Ahpra and National Boards regulatory guide
|Regulatory guide - a full guide||900.05 KB|
The Health Practitioner Regulation National Law (National Law) came into operation in each state and territory in 2010. Before this, each state and territory individually regulated health practitioners, including managing complaints through their own statutory schemes. There were over 85 boards for health professions nationwide.
This guide has been prepared by Ahpra in consultation with the National Boards (the Boards). It is intended to provide a decision-making framework for:
Decision-makers under the National Law;
health practitioners subject to a regulatory process, and their legal representatives;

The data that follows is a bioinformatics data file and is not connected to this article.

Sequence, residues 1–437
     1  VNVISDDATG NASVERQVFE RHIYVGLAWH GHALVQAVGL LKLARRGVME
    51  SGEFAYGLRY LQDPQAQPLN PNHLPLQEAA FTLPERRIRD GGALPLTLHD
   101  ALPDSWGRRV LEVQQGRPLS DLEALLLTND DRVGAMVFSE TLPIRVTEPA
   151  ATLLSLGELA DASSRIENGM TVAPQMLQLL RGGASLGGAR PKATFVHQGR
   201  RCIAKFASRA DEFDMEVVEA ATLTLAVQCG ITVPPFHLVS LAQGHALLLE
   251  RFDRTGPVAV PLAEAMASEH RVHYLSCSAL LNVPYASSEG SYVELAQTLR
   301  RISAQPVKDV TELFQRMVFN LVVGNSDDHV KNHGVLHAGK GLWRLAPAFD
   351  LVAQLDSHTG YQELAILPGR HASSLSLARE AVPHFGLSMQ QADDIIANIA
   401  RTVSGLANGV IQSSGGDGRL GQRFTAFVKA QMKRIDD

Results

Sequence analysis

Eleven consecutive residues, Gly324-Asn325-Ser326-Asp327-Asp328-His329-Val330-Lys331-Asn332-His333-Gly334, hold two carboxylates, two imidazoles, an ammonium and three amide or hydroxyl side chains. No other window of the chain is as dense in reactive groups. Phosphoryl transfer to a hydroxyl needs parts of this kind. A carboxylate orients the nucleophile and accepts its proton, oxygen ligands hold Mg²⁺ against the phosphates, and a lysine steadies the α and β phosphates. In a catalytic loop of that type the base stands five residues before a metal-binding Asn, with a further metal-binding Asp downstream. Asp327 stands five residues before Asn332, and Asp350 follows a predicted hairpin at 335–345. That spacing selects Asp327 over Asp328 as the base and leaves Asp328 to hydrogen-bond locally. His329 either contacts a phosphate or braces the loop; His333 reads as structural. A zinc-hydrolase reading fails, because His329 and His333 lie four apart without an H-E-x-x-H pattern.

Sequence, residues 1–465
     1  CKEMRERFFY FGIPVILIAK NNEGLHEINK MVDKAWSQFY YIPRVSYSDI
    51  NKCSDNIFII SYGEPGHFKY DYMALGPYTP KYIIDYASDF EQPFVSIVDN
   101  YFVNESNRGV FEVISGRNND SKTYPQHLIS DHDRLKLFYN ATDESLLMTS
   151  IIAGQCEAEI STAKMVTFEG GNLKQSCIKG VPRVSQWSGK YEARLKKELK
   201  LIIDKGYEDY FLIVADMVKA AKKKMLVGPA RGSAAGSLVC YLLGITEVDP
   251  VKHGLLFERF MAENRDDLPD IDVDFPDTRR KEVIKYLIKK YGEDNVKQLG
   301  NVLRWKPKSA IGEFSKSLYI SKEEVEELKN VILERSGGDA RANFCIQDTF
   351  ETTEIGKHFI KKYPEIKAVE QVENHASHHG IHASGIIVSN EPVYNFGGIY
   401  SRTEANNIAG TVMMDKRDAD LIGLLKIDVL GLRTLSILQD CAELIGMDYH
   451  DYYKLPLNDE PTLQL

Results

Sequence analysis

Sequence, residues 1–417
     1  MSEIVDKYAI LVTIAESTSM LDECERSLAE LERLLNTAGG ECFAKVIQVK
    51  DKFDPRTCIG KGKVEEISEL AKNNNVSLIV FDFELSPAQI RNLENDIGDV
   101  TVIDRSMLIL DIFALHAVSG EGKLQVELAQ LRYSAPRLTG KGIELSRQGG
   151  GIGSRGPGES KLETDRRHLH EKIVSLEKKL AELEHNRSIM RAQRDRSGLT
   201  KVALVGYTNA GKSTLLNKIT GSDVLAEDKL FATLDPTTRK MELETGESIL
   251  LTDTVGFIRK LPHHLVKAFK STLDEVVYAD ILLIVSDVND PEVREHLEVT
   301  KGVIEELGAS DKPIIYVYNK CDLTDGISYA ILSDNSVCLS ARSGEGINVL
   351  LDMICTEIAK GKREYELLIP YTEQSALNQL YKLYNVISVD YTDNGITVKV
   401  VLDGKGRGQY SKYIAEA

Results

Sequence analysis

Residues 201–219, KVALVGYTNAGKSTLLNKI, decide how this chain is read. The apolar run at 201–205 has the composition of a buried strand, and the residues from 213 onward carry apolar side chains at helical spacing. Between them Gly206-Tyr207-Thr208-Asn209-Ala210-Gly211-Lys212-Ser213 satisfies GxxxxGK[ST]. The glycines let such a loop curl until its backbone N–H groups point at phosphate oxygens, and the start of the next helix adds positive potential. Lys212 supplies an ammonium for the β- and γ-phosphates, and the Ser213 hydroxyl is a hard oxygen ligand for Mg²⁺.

notifiers and third parties that may become involved in the regulatory process (because they are a witness, or hold relevant information); and
the general public.
This guide does not constitute a code or guideline within the meaning of section 39 of the National Law and is intended to provide general information only. It does not constitute legal advice.
Purpose and aims
The purpose of this guide is to set out how the Boards manage notifications about the health, performance and conduct of practitioners under Part 8 of the National Law. It aims to:
clearly and transparently convey how the health, performance and conduct schemes are administered by Ahpra and the Boards; and
provide general regulatory information to relevant tribunals and other decision-makers (such as panel members).
A unique and substantial achievement: ten years of national health practitioner… https://apo.org.au/node/318360